Parents’ Rights On Children’s Property: Understand The Law

Usually, the focus is on children’s rights over their parents’ property, therefore it is rare to talk about parents’ rights over a child’s property. The law states that parents do not have total control over their children’s property. However, in the event of a child’s untimely death and in the absence of a will, the parents may make a claim to the child’s property. This is a conversational subject worth exploring. Let’s see what the law says about the same in our country.

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What property rights do parents have over their children?

In the tragic event that a kid passes away too soon as a result of a sickness or accident and does not leave a Will, the child’s parents may inherit their assets. Even yet, this control cannot be total. A 2005 modification to the Hindu Succession Act grants women rights to their parents’ property. This suggests that the parents share equally in the property of their daughter.

Section 8 of the Hindu Succession Act outlines the parent’s property rights. The mother is the first heir in this succession, while the father is the second heir to the children’s property. In this case, moms are given precedence. The second heir’s father can, nevertheless, inherit the property if no one on the first heir’s list is present. There can be a lot of second heirs. The second heir could have a co-heir. They will thus each receive an equal part of the property.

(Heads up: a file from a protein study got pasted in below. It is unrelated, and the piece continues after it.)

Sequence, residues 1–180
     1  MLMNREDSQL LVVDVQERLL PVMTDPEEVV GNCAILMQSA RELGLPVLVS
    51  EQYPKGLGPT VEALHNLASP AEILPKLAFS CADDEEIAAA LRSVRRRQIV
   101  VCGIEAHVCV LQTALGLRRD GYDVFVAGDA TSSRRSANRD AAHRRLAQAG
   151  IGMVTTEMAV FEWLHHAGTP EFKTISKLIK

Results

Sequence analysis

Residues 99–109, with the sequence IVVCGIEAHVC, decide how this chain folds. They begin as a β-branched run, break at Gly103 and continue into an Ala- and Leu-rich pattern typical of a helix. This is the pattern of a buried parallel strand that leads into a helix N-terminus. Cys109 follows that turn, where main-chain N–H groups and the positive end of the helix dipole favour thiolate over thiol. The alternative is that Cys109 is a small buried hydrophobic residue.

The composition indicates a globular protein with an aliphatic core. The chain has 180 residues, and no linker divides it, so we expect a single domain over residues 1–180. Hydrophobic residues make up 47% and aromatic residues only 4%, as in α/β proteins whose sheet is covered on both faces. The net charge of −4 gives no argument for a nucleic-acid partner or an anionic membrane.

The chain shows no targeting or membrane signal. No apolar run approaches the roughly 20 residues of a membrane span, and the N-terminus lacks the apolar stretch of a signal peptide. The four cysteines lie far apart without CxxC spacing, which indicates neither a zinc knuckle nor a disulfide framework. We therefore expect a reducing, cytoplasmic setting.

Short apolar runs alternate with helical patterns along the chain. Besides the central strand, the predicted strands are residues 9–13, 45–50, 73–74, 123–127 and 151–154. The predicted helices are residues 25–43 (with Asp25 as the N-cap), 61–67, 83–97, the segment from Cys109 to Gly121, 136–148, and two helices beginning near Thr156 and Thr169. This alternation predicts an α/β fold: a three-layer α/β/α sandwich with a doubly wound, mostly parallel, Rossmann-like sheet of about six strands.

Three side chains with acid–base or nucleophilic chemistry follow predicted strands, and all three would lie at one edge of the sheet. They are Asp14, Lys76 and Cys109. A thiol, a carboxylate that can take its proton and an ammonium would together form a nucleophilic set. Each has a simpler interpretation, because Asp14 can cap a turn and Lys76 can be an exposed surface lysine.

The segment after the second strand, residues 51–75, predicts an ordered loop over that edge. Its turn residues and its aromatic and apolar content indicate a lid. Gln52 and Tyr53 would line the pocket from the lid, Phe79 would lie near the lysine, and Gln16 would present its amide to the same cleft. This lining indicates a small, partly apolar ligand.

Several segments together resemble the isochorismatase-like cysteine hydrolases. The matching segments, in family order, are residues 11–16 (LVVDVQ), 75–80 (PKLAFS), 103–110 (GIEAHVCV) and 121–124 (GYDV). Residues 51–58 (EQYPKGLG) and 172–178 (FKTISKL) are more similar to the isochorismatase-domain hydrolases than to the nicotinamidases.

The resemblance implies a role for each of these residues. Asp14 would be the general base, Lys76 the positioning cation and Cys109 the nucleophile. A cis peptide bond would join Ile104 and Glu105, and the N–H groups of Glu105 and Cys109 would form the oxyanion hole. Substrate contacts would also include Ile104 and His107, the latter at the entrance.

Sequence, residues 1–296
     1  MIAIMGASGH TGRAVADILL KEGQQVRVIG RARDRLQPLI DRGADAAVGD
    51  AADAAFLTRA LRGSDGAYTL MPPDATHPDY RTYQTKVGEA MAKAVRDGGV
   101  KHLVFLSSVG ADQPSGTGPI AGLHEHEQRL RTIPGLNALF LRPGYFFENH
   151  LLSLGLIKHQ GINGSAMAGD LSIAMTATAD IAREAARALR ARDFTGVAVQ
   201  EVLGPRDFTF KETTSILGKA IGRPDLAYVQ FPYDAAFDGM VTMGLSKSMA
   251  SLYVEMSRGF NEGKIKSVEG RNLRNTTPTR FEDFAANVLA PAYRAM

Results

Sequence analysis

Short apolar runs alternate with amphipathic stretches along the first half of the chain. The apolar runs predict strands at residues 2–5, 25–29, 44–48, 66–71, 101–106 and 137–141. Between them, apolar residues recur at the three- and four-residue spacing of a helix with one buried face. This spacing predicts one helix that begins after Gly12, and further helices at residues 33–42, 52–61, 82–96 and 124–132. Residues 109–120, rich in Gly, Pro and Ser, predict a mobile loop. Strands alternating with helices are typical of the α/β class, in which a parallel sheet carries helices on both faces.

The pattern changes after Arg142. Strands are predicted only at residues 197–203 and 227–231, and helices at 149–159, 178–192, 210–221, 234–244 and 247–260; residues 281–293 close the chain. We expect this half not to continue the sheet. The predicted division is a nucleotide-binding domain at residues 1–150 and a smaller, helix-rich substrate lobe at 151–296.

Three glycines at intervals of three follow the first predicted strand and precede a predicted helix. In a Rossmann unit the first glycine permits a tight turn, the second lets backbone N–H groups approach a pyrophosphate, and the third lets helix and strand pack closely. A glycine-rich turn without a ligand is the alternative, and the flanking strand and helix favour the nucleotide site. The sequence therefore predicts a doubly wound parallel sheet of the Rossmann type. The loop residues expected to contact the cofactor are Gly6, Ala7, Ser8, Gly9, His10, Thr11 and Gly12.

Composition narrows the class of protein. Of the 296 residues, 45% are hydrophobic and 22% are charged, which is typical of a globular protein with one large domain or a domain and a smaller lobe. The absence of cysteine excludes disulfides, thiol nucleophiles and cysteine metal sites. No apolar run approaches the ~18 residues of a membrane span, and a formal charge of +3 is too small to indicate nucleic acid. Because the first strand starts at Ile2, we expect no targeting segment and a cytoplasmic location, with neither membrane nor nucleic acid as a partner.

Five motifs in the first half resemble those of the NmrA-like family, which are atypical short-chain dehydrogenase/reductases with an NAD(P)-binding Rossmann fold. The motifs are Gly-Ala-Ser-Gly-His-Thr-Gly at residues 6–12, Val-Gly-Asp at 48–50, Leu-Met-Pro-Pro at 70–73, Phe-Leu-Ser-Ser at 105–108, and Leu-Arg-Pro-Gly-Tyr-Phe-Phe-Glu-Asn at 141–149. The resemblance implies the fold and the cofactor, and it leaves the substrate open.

Gender Plays a Part in Parents’ Property Rights Regarding Children

The Hindu Succession Act states that gender affects a parent’s claim to a child’s property. If the decedent was a man, his assets would go to his mother, the first heir in the class, and his father, the second heir. The property will be given to the father and his co-heirs if the mother passes away.

According to the Hindu Succession Act of 1956, the wife shall inherit the property rights of a deceased Hindu married male who passes away intestate. His wife will be regarded as the class 1 heir in this scenario. She will divide the assets with other legitimate heirs equally.

According to the law, if the decedent was a woman, her children and husband would receive the property first, then her husband’s heirs, and last her parents. Parents’ Property Rights: In accordance with the Child’s Faith

Parents of a dead Parsi person who passes away without making a will are legally entitled to inherit a portion of the estate. The deceased’s children’s shares will be equivalent to this one.


Parents’ Rights On Children’s Property

According to the Indian Succession Act, if the decedent is a Christian by faith, dies intestate, and has no living lineal descendants—that is, no children or grandchildren—the property will be given to the wife or widower and the decedent’s parents.

In other words, if the deceased’s wife or widower is still living, they will also receive a portion of the property, and if the deceased’s parent is still alive, he will also receive a piece. The absence of the father, the property will be divided equally between the deceased mother and brother or sister.